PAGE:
In addition to being Big Business, tomatoes are also 96 per cent water. This means every time you pick up a kilo at Tesco, Waitrose or Sainsbury’s (Britain’s big three importers of Almerian produce), you also become one of the millions of proud owners of around 940 grammes of rare Almerian groundwater – the irreplaceable life-blood of countless villages, olive groves and vineyards. Cheap at the price.
But tomatoes are just the starter. Any decent salad includes lettuce and cucumber (both 96 per cent water) and maybe a slice of melon (93 per cent). Add all these goodies together and the total equates to a truly frightening haemorrhage of water from Europe’s driest province. Figures are unreliable and difficult to come by – try asking Tesco, Waitrose or Sainsbury’s how much they import from Almerian greenhouses and you’ll be told: “It is commercially sensitive information.” So for simplicity, let us stick with Almería University’s estimate of 1,403,287 metric tonnes between 1995-2000 for tomatoes alone. At 96 per cent water per tomato, this equates to 1,304,127 tonnes of water.
For those who have difficulty in imagining just how much water this is, it works out at around 1,304,127,000 litres of beer or 2,869,079,400 pints. Or, if sport is more your bag, then think of it as filling 530 Olympic sized swimming pools, or flooding 180 international football pitches to a depth equivalent to David Beckham’s testicles (approximately 1 metre from the ground, although I confess not to have had the dubious pleasure of measuring this directly).
If we factor in the 60 per cent waste inherent in the drip-irrigation systems used by the vast majority of greenhouses, then the figure rises by a further 1,956,190 to a staggering 3,260,317 tonnes. You can work out the equivalent in beer or Beckham’s parts yourself, should the desire take you, although I can reveal it is enough to fill the bowl of the new Wembley stadium in London at least three times over.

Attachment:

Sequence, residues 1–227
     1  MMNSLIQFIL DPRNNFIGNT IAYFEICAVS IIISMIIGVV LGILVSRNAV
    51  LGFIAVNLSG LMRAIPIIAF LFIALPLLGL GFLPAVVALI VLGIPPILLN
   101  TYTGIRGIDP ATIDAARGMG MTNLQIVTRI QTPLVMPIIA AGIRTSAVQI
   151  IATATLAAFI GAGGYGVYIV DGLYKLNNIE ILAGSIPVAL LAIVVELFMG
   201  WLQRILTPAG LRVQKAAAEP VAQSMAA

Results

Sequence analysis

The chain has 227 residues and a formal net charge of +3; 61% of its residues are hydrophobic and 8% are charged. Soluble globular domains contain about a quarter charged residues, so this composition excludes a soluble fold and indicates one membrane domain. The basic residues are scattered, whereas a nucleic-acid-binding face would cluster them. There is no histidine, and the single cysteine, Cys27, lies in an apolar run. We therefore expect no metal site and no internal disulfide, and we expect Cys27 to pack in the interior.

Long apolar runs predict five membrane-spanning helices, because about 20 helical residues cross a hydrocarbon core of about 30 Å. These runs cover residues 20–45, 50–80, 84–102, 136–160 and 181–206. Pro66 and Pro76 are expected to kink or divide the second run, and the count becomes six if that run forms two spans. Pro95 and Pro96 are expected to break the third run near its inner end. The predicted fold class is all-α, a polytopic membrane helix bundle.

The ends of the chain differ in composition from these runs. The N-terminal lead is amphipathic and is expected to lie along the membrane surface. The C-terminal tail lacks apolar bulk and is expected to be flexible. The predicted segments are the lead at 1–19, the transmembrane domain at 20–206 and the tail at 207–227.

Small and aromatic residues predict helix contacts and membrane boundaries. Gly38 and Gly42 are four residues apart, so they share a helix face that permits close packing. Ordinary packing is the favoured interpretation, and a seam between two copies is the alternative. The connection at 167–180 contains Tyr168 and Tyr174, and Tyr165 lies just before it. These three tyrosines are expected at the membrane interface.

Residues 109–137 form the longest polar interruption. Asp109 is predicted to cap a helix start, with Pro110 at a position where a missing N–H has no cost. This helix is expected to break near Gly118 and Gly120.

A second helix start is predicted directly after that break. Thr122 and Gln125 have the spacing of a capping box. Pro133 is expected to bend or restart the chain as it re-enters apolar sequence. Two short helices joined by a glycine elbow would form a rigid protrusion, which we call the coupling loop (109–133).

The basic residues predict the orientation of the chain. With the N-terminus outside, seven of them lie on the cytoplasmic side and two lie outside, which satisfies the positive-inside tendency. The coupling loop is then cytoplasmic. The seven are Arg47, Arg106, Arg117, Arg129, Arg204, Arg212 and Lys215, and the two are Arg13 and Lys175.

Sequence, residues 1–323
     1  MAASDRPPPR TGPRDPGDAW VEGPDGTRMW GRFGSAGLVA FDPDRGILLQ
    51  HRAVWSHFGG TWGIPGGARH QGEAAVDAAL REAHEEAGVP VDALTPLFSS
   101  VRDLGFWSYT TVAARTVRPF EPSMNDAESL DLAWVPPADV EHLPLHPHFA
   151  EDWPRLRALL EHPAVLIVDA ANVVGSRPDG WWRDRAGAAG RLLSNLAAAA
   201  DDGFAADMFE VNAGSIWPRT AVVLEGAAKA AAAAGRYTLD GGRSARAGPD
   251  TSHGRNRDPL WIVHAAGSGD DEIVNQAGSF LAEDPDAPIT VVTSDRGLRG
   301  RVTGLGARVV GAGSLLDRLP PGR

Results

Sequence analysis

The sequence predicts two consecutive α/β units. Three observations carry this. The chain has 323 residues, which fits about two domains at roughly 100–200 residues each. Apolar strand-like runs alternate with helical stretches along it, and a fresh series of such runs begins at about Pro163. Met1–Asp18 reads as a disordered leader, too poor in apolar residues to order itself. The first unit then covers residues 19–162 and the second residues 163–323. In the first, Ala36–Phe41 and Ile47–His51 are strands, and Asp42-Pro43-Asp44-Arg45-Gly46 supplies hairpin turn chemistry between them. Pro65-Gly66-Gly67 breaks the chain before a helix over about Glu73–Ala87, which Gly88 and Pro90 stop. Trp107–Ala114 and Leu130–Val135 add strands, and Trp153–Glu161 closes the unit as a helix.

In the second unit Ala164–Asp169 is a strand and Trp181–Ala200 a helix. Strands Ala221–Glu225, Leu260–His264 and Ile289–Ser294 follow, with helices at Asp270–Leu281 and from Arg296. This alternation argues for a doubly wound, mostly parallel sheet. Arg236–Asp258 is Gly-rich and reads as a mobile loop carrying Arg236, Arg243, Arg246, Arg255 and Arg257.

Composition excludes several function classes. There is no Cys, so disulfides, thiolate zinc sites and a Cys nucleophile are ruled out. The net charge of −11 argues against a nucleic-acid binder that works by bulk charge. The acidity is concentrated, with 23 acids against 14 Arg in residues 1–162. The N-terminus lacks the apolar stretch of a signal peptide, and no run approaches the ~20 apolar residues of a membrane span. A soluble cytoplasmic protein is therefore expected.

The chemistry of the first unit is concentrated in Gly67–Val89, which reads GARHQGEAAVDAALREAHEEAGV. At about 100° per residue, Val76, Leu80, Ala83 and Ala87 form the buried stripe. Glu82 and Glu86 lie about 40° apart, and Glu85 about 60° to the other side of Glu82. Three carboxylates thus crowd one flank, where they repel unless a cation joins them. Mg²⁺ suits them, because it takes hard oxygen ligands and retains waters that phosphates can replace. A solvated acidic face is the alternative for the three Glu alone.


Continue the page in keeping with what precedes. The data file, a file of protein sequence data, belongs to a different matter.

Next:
Whichever way you look at it, it is a very large amount of water. Particularly, when pretty well all you have was stored up by nature several thousand years ago and is now being converted into salad at a rate far greater than it can possibly be replenished.
But set aside for the moment the fact we are drawing from an ancient and finite supply, there is another problem to do with extracting groundwater that might eventually render even the small amounts left unusable: capillary action. This is the same process that draws tea up into a sugar cube, operates just as effectively between the tiny grains which make up the porous rocks of an aquifer. As the water pressure between these rocky grains falls – as it does when water is converted into salads – then water may move in from somewhere else until the balance is restored and the pressure equalised.
In the case of Almería’s aquifer, the nearest source of such water lies in the 2.5 million square kilometres of the Mediterranean Sea. Therein lies the problem. From all those gripping Geography lessons at school, you may recall that the Mediterranean is rather special as seas go. Most of the world’s seas are essentially just smaller subdivisions of one of the great oceans, geographical areas more or less marked off by land boundaries and named as aids to navigation, rather like a continent is broken down into countries and regions. The point is, there is a relatively free exchange of water between most oceans and their smaller brothers and sisters. Not so with the Mediterranean. Closed in by Europe, Asia and Africa, its only connection with the great currents and pulses of the world’s oceans is over a narrow rock step which connects Europe to Africa beneath the 13 kilometre-wide Strait of Gibraltar. This relative isolation has led to the Mediterranean, like all loners, developing a few peculiar characteristics of its own and foremost amongst these is its saltiness.